Managing PCOS by Changing our Cooking Habits

Polycystic ovarian syndrome (PCOS) is the most common endocrine abnormality, affecting 6-8% of the female population. There can be a cascade of hormonal imbalances causing irregular menstruation, insulin resistance and weight gain, excess androgens (male hormones) resulting in hair growth and other symptoms, and also systemic inflammation. There are a variety of supplements and strategies that health practitioners recommend to implement in an attempt regulate ovulation and support weight loss and hormonal health, and there is now information that coaches us towards a new, free and relatively simple way to support these efforts.

Reactive molecules called “advanced glycation endproducts” or AGEs, are formed when carbohydrates are broken down to simple sugars and bind with proteins, nucleic acids or lipids. These are not good products and they are known to induce cellular damage and are elevated in PCOS patients, as well as being with associated with diabetes, obesity, atherosclerosis, chronic renal failure, and Alzheimer’s disease. Through several studies it is clear that elevated AGE serum levels (in blood) are a contributing factor to PCOS endocrine disruption. One study concluded this “There is an intricate relationship between the AGE-RAGE (receptor for AGEs) system and some aspects of PCOS, such as granulosa cell dysfunction, adipocyte pathophysiology, obesity and insulin resistance. Additionally, irregular ovarian AGE signaling might in part explain the abnormal ovarian histology observed in women with PCOS. The ovarian dysfunction due to AGEs in women without PCOS suggests a role for the AGE-RAGE system in the ovarian follicular environment, and might relate to assisted reproduction technology outcome and measures of ovarian reserve.” In other words, these AGEs are bad and should be avoided, especially for women with PCOS who already have issues with insulin resistance. They can have an effect on the ovarian environment and are probably negatively affecting IVF/ICSI/IUI outcomes.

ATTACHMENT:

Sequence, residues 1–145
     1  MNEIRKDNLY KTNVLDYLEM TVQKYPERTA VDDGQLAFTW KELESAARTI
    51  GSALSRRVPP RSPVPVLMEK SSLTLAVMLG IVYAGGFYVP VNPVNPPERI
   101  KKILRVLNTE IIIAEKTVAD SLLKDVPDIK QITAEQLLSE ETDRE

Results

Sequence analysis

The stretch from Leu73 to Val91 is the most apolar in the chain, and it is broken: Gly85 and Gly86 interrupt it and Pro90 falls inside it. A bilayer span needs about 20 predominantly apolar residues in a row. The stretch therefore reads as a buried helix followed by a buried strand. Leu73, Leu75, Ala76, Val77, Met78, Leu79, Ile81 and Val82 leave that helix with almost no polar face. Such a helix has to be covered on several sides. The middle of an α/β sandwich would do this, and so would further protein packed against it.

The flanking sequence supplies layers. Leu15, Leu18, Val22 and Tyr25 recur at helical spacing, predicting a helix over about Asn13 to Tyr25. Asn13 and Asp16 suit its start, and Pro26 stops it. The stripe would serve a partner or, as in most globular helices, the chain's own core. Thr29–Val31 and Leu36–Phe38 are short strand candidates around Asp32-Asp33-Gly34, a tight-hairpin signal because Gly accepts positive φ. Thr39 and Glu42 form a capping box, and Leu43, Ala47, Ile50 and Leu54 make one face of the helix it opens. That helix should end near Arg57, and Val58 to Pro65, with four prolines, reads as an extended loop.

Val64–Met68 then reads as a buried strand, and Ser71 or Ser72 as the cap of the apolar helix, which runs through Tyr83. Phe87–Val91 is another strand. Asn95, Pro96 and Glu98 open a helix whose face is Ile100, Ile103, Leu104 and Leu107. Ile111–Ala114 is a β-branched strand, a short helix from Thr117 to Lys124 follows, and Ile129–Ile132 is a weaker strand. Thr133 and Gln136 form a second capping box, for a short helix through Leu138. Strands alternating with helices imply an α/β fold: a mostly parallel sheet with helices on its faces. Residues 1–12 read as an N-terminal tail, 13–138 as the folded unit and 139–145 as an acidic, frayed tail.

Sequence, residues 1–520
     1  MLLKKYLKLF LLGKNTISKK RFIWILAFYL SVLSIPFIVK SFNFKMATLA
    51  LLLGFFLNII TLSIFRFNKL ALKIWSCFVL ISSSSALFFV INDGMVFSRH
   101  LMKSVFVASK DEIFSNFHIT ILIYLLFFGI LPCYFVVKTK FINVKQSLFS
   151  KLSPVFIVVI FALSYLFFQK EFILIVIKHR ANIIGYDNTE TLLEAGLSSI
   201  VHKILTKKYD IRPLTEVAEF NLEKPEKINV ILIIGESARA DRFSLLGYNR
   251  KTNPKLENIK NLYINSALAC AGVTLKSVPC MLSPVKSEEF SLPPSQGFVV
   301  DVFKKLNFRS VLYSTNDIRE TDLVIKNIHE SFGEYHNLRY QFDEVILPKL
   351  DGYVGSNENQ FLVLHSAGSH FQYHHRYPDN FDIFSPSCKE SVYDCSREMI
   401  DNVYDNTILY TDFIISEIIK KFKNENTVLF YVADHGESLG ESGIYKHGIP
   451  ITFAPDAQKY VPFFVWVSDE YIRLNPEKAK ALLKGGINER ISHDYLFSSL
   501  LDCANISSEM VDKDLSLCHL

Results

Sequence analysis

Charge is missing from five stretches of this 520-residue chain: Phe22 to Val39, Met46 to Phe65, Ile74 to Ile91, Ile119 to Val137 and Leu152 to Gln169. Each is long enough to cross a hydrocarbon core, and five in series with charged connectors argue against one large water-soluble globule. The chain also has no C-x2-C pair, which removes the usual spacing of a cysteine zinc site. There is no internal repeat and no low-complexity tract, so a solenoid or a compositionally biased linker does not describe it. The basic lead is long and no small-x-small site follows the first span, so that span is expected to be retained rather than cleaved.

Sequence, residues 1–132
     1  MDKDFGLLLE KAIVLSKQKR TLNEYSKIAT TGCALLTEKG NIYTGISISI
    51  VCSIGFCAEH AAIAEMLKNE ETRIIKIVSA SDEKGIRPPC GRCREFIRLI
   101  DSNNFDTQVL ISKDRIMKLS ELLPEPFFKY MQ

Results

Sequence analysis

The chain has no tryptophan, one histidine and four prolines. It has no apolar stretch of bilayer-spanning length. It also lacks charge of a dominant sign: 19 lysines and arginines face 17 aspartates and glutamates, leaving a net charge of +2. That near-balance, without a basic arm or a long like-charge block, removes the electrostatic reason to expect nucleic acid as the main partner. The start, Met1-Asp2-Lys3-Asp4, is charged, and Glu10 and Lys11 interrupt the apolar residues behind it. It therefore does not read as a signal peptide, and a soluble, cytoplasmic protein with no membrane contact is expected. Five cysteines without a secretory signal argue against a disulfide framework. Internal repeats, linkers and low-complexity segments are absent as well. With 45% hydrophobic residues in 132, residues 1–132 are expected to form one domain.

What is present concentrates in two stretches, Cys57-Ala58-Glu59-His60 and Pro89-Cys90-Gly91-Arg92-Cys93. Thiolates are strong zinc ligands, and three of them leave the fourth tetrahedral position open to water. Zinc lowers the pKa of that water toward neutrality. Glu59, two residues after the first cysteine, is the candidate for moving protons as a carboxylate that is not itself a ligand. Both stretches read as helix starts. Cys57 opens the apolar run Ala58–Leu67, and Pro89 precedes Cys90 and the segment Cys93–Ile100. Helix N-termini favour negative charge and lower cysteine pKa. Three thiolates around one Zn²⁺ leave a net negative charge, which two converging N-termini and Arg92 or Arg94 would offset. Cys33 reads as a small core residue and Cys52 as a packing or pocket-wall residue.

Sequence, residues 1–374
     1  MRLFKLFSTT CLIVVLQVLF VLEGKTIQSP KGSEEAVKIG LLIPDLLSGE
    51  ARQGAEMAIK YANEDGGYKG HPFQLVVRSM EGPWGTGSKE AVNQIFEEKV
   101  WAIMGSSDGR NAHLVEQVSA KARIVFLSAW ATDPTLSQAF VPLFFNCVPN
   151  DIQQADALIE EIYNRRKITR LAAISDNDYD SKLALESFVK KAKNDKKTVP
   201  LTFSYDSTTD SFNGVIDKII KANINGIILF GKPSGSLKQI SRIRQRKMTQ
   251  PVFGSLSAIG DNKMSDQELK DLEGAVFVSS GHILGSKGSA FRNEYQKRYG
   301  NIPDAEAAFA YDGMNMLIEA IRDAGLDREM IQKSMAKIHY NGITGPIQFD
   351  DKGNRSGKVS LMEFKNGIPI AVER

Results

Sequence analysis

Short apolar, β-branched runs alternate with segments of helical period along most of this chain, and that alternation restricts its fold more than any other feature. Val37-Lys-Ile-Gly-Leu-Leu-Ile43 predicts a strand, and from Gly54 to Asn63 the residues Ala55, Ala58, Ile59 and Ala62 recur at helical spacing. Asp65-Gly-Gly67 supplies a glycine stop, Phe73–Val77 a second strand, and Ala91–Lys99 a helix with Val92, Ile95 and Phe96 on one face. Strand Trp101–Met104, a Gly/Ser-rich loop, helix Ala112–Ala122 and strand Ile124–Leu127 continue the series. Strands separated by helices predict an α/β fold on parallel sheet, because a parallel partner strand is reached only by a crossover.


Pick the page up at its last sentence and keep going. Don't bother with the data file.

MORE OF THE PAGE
Another study recommends “In women with PCOS, dietary modification…may reduce serum AGEs and oxidative stress markers as well as serum testosterone levels.”

Other researchers conclude that “overexposure to exogenous AGEs, which are considered potent endocrine disruptors and are common in westernised diets, may exacerbate the metabolic and hormonal profile as well as oxidative stress in PCOS. Conversely, lowering the concentration of AGEs in food may improve these variables. The role of dietary AGEs in the clinical course of PCOS should be further explored. The forms of dietary AGEs, which can be absorbed, their mode of absorption and their pathway of cellular action upon target organs, including the ovary, have not been elucidated yet. Until then, it is advisable that assessment of dietary AGEs consumption be part of the evaluation of women with PCOS, and diets with low AGEs content along with other lifestyle modifications should be encouraged.”

Sources of AGEs in our environment include tobacco, uncooked animal derived food (cheese) high protein/fat, dry heat processed foods (chips, crackers, etc.), red meat, and poultry. They are also found in the environment (smoke, air pollution, toxins, etc.) and so are difficult to avoid completely.

However there is one key source of AGEs that is within our control, and that is in our food and how it is affected by the cooking temperature we choose. Browning our food for flavour and aroma can increase dietary AGEs, specifically cooking at temperatures in excess of 180℃.

Steamed or low heat cooking are best to minimize the intake of AGEs but you will notice that with these cooking methods the colour is different, lighter and possibly with more moisture. With aroma and flavour for food the AGEs are increased, which is why they are so prevalent in the North American diet. To avoid AGEs in our diet can take some time and effort, but with effort comes change and implementing some of these simple changes into your daily habits can produce significant results in terms of hormonal balance.

Use more fruits, vegetables, low fat milk, grains, and legumes. Yoghurt, puddings and ice cream are low in AGEs due to the moisture removal to concentrate the fat. Avoid animal fats and spreads, and breaded or fried foods. Never reheat fish, meats or chicken. Limit pasta cooking times to 10 minutes. Avoid processed foods. Never toast breads, bagels or rolls. Get to know your slow cooker, and change cooking techniques to include boiling, poaching, steaming, and low temperature stewing. Don’t fry your eggs.

Sources include:
PCOS: The Role of Insulin Resistance and Inflammation. By: Debra Minjarez, MD

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